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I MEF updates DriveSafe order

By Lance Cpl. Cutler Brice | I Marine Expeditionary Force | February 15, 2018

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“With 360 days of perfect weather, hundreds of miles of scenic ocean views and winding mountain roads, there is a huge appeal to anyone in Southern California desiring to own and ride a motorcycle,” said James McCallister, the I Marine Expeditionary Force director of safety.

Having this environment for riding a motorcycle in Southern California however comes with great risks. According to data from the Naval Safety Center and unit reporting within I MEF, Marines and Sailors from I MEF have had 38 motorcycle-related fatalities in the since 2013.

These numbers, and concern for the welfare of Marines and Sailors, prompted the I MEF commanding general to sign a revision to the I MEF DriveSafe order in December of 2017, now 5101.1B. The new order gives better direction to motorist and commanders to achieve roadway safety.

The DriveSafe order instructs all I MEF Marines and Sailors on proper operation of personal and government vehicles. However, the new order elaborates more on requirements for motorcycle operators.

Changes under the new revision that motorcyclists need to be aware of are: motorcycle endorsements shall be added to a rider’s driver’s license upon completion of training, all I MEF personnel are required to carry the motorcycle training completion card when riding, and personnel who operate motorcycles shall participate in a unit motorcycle mentorship program.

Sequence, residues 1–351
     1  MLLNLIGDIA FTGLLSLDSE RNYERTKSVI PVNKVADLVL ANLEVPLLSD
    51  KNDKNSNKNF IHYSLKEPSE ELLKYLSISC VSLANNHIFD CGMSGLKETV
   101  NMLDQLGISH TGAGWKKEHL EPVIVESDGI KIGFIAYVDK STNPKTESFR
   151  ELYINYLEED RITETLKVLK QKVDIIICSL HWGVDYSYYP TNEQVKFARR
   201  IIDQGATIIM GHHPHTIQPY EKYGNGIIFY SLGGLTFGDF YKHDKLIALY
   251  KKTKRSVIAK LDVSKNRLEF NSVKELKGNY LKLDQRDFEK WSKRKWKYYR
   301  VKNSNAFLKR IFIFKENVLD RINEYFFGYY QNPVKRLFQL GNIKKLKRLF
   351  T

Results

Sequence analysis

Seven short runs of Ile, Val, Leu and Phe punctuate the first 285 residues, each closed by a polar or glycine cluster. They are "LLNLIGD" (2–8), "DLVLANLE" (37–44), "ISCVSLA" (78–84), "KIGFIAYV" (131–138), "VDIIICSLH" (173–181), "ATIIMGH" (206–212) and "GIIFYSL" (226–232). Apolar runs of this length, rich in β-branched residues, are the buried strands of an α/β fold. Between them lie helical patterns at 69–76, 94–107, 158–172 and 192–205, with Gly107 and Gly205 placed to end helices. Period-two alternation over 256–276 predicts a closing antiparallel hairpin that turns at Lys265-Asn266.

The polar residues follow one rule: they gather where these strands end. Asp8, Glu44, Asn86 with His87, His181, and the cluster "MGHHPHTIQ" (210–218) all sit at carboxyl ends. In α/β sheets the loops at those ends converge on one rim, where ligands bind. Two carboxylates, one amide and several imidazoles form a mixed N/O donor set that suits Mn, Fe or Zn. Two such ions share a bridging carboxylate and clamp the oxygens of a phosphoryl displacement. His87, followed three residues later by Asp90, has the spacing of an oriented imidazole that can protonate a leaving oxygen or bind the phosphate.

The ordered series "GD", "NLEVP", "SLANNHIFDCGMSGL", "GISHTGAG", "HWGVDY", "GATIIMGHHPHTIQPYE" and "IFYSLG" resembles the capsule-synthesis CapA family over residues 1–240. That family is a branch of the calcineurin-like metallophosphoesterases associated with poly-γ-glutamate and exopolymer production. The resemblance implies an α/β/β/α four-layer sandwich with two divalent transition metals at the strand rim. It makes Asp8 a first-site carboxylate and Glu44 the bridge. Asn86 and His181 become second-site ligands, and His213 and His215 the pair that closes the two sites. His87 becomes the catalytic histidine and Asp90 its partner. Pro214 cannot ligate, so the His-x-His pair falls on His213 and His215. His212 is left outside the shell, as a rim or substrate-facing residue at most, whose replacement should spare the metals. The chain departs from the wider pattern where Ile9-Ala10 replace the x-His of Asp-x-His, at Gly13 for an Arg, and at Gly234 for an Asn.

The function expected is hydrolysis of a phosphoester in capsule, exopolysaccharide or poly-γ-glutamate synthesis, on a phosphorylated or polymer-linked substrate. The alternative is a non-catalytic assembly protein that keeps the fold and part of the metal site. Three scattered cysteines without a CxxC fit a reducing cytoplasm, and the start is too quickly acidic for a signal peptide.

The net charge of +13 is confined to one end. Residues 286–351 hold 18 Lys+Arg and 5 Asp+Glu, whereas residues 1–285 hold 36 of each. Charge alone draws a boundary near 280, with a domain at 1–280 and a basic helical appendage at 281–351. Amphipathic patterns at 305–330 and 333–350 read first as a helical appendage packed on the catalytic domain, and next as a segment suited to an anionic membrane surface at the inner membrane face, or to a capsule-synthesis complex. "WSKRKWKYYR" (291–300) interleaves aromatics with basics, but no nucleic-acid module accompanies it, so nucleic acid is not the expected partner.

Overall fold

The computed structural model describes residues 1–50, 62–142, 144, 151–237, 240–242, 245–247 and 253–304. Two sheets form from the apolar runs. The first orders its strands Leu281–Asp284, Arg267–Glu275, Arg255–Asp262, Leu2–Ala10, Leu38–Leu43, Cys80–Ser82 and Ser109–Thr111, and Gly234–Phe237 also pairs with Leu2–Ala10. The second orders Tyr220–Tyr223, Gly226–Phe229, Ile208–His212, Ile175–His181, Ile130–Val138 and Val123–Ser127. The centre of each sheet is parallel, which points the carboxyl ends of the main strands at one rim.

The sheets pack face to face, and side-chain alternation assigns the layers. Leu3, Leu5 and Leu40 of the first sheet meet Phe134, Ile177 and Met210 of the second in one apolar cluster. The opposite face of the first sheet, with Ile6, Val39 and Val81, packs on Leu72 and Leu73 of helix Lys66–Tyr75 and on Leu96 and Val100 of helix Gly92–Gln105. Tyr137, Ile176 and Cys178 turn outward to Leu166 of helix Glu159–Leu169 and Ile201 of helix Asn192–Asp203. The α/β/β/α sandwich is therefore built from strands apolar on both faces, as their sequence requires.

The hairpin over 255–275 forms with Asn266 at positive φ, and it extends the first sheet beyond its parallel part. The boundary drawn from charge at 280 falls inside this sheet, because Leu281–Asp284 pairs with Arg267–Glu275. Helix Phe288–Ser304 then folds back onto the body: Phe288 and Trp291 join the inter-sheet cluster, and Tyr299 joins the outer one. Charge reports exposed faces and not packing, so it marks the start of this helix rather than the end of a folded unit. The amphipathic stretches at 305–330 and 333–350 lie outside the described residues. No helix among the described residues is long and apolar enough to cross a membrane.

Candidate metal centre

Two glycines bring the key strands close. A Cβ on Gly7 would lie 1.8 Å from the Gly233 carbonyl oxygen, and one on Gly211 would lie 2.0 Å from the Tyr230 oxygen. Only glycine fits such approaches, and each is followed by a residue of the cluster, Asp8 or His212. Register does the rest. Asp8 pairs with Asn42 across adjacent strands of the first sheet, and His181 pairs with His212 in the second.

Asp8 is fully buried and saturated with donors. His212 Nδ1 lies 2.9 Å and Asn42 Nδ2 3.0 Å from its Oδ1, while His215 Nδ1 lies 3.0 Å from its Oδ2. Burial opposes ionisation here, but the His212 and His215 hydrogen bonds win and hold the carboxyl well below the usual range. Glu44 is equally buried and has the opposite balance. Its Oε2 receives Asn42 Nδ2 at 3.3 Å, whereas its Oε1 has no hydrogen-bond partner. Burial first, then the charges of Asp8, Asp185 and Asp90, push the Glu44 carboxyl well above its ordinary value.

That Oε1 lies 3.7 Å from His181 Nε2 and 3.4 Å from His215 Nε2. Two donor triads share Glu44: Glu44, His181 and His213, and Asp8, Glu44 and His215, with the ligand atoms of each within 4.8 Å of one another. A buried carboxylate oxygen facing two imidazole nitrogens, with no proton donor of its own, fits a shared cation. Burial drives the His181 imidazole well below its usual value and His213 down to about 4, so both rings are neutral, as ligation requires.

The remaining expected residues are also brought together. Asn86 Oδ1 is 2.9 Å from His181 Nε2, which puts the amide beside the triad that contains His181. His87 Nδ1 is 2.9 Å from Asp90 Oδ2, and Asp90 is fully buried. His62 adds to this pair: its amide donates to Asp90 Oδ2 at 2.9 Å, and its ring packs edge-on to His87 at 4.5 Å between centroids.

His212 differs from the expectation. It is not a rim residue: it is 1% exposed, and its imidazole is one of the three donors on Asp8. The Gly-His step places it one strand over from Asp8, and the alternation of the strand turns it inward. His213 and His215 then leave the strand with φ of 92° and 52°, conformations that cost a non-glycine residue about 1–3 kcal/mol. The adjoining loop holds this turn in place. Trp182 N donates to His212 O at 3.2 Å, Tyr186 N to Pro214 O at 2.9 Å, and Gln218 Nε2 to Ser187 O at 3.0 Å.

“The goal of the revision is for Marines to recognize that their leadership is genuinely concerned for the safety and well-being of all Marines and Sailors under their command,” said McCallister. “Our most valuable and precious asset is our people.”

All motorcyclists are required to attend the basic riders course prior to riding motorcycles. The two-day course teaches riders the basic operations and maneuverability of a motorcycle. Once completed, riders receive a course completion card and have 120 days to complete the advanced riders course. Motorcyclists are required to attend a refresher course once every three years. Not completing these courses invalidates the course completion card and prevents them from riding until required courses are completed.

Preventing motorcycle-related mishaps and the resulting injuries, fatalities and property damage is the overall intent of this new revision.

According to data compiled by the I MEF safety office, in the last five years the majority of fatalities have occurred Friday through Sunday, more than 25% occurred on mountain roads, all have been males with the rank of E-5 or below and every fatality has involved sport bikes.

“At the end of the day, the loss of one life is one life too many,” said McCallister. “The hope is that if more riders are aware of what risks there are to them, it could prevent more loss.”
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